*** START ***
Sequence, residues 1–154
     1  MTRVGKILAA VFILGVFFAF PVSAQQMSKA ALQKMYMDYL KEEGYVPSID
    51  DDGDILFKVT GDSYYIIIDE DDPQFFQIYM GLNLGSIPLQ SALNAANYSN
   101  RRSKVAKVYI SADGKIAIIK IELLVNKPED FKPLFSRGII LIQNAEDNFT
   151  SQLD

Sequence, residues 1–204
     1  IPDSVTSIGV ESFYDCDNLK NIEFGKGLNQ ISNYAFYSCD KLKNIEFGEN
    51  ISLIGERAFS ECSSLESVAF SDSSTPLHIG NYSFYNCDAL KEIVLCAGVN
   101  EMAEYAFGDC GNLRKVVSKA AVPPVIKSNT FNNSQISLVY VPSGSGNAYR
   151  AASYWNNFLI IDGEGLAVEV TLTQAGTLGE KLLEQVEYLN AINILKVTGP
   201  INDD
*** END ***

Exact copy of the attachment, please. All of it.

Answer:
Sequence, residues 1–154
     1  MTRVGKILAA VFILGVFFAF PVSAQQMSKA ALQKMYMDYL KEEGYVPSID
    51  DDGDILFKVT GDSYYIIIDE DDPQFFQIYM GLNLGSIPLQ SALNAANYSN
   101  RRSKVAKVYI SADGKIAIIK IELLVNKPED FKPLFSRGII LIQNAEDNFT
   151  SQLD

Sequence, residues 1–204
     1  IPDSVTSIGV ESFYDCDNLK NIEFGKGLNQ ISNYAFYSCD KLKNIEFGEN
    51  ISLIGERAFS ECSSLESVAF SDSSTPLHIG NYSFYNCDAL KEIVLCAGVN
   101  EMAEYAFGDC GNLRKVVSKA AVPPVIKSNT FNNSQISLVY VPSGSGNAYR
   151  AASYWNNFLI IDGEGLAVEV TLTQAGTLGE KLLEQVEYLN AINILKVTGP
   201  INDD